Rock 2387 feet; at 31 feet below surface. This tank communicates with Solomon’s Stables and the canal under the Triple Gate.

Cistern No. XI, east of Al-Aksa; 62 feet 6 inches deep, 8 feet of water; not visited, apparently very large.

Examined 11th November, 1867. Situate on east of Mosque of Aksa. Rock 2397; at 19 feet below surface; bottom 61 feet 6 inches below surface of ground. It consists of three tanks, each about 26 feet by 40 feet, lying east and west, connected by a passage 14 feet wide, running north and south; it is capable of holding 700,000 gallons of water. The roof is cut in rock, in the form of arches. Steps cut in the rock run up along the west side, and issue close to the mouth of the cistern. There is the foundation of a massive wall on the rock to west of steps.

The vaulted passage from the Triple Gate runs over the cistern.

Cistern No. XII, southernmost of the three cisterns to south-west of Golden gateway,

descended; 44 feet deep, no water; no conduit seen coming in; roofed with a plain semicircular vault.

Rock, partially on surface, 2406 feet.

Cistern No. XIII, middle of three cisterns near the Golden Gate, not visited; 40 feet deep, dry; apparently small, and roofed with masonry.

Rock on surface 2409 feet; of an irregular shape, about 30 feet square; sides perpendicular, roof partially domes in rock, ribs of rock springing from angles. A conduit for surface-water comes in from the east; it comes from a receiving tank 250 feet father to the north, between Nos. 15 and 18. It is built close in under the surface of the Sanctuary.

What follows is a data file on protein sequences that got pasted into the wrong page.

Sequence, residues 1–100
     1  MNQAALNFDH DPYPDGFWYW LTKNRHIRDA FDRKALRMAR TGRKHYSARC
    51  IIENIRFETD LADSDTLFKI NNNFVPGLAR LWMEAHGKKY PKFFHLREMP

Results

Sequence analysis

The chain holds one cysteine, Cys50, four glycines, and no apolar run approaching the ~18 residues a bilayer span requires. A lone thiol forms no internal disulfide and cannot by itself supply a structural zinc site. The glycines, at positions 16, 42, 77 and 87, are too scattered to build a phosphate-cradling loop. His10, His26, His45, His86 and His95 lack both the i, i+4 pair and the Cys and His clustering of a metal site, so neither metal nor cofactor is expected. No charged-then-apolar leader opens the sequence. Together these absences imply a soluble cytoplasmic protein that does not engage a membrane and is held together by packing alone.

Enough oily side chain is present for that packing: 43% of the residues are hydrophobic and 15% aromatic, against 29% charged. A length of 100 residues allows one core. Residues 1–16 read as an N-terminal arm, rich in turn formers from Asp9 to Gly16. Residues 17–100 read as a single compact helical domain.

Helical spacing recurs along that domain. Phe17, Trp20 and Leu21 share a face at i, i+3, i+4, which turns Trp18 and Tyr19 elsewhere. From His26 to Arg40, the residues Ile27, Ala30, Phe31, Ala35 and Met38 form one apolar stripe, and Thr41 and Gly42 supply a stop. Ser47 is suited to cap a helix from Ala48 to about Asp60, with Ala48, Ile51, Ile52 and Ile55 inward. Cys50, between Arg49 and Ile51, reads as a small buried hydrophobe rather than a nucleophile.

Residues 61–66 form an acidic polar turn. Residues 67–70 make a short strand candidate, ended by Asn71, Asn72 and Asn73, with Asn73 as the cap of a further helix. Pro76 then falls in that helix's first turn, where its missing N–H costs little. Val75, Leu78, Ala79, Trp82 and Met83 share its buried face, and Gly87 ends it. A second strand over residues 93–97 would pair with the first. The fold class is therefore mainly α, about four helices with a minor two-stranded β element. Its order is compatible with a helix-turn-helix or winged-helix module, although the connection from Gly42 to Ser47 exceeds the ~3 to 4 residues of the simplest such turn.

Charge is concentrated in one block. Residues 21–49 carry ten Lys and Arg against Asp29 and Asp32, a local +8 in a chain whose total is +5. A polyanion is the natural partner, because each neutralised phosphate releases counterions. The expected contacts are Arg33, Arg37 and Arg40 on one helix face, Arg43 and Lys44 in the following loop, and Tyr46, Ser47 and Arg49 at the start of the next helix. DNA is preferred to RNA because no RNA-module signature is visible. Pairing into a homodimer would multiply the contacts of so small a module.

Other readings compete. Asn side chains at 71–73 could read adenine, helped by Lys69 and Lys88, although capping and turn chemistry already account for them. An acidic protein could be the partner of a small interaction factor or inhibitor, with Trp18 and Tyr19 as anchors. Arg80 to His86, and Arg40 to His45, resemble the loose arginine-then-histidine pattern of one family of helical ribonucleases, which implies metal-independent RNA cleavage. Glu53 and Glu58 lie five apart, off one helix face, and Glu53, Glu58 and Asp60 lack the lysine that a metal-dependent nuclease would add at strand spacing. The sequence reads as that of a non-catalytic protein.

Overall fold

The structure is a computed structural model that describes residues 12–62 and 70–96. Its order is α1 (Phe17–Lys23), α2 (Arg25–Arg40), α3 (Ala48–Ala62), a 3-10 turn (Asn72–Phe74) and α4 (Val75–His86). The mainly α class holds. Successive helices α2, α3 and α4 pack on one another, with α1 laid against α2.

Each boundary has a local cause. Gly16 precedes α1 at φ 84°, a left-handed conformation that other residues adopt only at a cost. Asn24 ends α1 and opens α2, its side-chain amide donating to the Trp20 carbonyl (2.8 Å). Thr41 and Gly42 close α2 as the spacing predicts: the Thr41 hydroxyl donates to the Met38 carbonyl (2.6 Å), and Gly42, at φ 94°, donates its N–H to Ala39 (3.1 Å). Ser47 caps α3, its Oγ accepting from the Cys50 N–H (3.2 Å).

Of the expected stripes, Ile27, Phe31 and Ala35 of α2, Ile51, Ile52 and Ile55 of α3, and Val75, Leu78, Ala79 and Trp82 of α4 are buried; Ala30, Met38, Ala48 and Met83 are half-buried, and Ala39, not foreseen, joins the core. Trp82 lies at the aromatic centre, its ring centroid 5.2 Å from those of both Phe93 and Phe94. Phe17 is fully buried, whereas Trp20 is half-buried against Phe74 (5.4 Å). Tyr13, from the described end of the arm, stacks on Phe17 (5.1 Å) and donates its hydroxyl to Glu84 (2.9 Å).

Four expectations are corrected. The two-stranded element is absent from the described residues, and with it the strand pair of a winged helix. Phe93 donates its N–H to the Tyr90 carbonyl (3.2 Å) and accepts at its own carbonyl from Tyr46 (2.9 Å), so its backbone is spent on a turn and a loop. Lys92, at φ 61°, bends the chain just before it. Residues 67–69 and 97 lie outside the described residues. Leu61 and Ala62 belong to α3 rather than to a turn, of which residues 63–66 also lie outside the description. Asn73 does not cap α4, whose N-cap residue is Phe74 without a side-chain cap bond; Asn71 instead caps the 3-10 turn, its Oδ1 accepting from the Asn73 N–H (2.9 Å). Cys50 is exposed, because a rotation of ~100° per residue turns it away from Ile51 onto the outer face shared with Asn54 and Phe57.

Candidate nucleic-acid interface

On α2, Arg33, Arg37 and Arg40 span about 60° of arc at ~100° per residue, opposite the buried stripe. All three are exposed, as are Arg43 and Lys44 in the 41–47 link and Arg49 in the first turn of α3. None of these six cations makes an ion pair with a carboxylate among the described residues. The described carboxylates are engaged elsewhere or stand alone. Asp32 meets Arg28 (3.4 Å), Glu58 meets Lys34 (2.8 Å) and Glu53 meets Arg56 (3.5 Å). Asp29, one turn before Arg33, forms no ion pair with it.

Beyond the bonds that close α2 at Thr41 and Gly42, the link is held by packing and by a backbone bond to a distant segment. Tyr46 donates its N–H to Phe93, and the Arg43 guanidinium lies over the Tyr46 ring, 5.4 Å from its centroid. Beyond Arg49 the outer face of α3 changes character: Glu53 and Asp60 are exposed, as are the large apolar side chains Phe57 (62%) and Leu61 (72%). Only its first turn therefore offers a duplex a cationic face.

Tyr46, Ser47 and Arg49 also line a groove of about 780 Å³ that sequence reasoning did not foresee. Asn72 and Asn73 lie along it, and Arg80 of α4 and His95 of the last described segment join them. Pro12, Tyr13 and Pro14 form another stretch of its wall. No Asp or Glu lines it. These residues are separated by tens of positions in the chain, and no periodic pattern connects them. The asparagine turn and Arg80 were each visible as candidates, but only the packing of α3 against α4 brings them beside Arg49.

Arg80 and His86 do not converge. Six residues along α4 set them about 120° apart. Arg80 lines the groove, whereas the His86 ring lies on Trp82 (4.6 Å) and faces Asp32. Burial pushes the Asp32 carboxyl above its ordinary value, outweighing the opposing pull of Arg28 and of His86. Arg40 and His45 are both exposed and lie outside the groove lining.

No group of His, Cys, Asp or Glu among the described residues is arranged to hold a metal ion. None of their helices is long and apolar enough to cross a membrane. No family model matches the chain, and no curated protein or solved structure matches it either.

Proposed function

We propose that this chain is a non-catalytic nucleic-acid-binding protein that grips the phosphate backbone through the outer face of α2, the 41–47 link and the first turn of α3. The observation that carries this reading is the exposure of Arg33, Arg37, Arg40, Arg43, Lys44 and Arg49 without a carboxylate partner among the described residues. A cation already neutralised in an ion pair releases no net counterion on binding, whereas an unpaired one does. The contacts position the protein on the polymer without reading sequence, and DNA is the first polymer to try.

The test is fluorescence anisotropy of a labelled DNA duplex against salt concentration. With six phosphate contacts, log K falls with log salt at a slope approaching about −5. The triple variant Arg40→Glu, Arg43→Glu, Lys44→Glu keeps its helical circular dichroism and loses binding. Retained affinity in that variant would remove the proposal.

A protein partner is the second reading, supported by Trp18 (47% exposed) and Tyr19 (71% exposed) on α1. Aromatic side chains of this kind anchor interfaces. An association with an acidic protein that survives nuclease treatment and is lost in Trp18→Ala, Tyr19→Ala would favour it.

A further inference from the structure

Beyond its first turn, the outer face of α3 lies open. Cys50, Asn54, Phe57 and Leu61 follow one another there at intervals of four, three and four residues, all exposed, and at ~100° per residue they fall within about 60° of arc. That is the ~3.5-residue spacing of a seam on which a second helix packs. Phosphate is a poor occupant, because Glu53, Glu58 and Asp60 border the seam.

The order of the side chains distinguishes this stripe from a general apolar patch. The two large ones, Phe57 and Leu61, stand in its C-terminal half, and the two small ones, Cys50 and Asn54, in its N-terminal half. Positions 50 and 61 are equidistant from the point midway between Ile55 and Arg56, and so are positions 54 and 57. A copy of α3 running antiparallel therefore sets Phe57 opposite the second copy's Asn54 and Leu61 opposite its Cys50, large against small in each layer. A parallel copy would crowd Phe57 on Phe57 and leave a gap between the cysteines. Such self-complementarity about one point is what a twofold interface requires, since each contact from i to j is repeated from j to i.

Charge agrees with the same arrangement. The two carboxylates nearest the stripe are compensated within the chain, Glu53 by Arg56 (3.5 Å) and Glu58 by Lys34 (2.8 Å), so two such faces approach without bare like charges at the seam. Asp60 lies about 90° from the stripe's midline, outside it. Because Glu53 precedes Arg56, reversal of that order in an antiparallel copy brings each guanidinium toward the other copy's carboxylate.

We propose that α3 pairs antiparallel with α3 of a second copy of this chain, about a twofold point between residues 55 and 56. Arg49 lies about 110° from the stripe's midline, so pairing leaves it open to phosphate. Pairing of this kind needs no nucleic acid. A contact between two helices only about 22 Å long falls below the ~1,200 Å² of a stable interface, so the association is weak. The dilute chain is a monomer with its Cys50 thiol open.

Cistern No. XIV, northern of the three cisterns south-west of Golden Gateway, descended; 29 feet deep, dry; there are two chambers, connected by an opening, which appear to be, in part, natural caverns; the cisterns are covered by a plain semicircular vault.

Rock 2409 feet; on surface.

Signor Pierotti, Plate XI., shows the cistern Nos. 12, 13, and 14, as communicating one with another. They have no connection with each other at present, neither is there any sign of the conduit running in from Nos. 1 to 13., which he shows on his plate.

Cistern No. XV, near Golden Gateway, not visited; 35 feet deep, dry.

Cistern near the Golden Gate, nearly circular; about 18 feet in diameter, and cut and roofed in rock.

Rock about 2393 feet; about 15 feet below surface.

Cistern No. XVI, near Pool of Bethesda, not visited; 23 feet deep, dry.

Cistern No. XVII; near Pool of Bethesda, not visited; 29 feet deep; dry.

(16 and 17; near Birket Israil) No rock found. See letter of February 1st, 1869.